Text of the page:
There have been four oil-train accidents in the past month in North America, including two in Northern Ontario, one of which only recently stopped burning, near the town of Gogama.

These trains were travelling at moderate speeds, in some cases well under the 80 km/h speed limit, and the CPC-1232 tanker cars were sturdier, made of tougher stuff than the rail cars that exploded so tragically in Lac-Mégantic in 2013. The 1232s were supposed to be safer.

Still, in each derailment, the tanker cars caught fire.

For some, this raises questions about rail safety, train speeds and length, tanker-car standards and stabilizing the oil within the tankers. For others, it means we should be talking about pipelines again.

"Slowing down is one option," said Ian Naish, a former director of rail and pipeline investigations at the Transportation Safety Board of Canada.

"Shorter trains might be another option, but that will cost money. And then — dare I say it  —  another option is pipelines or some other mode of transportation."

'It's time for senior industry and government leaders to sit down and say - what are we going to do about this?' - Ian Naish, Naish Transportation Consulting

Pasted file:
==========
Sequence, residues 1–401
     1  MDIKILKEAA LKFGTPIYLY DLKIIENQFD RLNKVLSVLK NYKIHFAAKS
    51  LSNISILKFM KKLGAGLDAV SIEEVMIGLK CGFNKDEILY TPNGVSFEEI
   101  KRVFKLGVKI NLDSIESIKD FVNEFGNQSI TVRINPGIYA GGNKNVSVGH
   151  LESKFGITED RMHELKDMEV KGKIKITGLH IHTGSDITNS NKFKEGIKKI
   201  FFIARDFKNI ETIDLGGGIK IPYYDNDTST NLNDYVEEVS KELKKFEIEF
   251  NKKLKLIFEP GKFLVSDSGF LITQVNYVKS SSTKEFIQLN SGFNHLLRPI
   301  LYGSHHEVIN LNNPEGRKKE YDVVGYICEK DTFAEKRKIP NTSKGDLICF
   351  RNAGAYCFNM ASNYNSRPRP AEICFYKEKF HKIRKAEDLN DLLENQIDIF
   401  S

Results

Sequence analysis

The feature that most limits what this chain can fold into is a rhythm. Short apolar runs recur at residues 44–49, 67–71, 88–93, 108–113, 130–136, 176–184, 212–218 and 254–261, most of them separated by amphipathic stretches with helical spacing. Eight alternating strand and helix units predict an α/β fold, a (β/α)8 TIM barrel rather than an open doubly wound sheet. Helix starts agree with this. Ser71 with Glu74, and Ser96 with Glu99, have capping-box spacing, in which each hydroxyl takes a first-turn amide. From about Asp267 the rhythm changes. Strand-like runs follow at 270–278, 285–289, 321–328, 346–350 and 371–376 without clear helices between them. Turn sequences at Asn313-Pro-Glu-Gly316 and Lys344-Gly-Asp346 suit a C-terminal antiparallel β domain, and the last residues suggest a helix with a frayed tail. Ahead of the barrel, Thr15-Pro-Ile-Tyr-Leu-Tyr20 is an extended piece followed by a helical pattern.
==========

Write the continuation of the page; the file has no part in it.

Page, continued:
When it comes to pipelines versus rail, it's not comparing apples to apples.  When a pipeline leaks, more product is spilled, but it's not likely to explode. When a oil car derails, there is a higher chance of loss of life or destruction of property, but the spill is relatively contained. It really depends on what you're worried about — cost, CO2 emissions, safety, or the environment?

"This is a discussion we absolutely need to have," said Michal Moore, director of energy and environmental policy at the University of Calgary.

"It needs to start with safety, but also needs to consider what transfers and stores the highest volume of [oil] material at the lowest possible cost."

Cheaper option

Pipelines are certainly the cheaper option for shippers, but pipeline capacity has not kept up with North American oil production. The pipeline issue continues to be charged both in Canada and the United States because of concerns around environmental damage, climate change and oilsands development.

Moore doesn't believe that reducing pipeline capacity will reduce the use of crude oil.

"It's like saying we'll prevent congestion in an urban area by limiting the amount of lanes that cars can go down and discourage people from driving. It doesn't work, people just get in line and absorb the wait."

Moore feels that more robust standards need to be brought into place for both pipelines and rail, so that we as a society can feel more confident about the transportation of oil.

"Inspect every weld and every joint at regular intervals. And if it raises the cost of moving that material, so be it."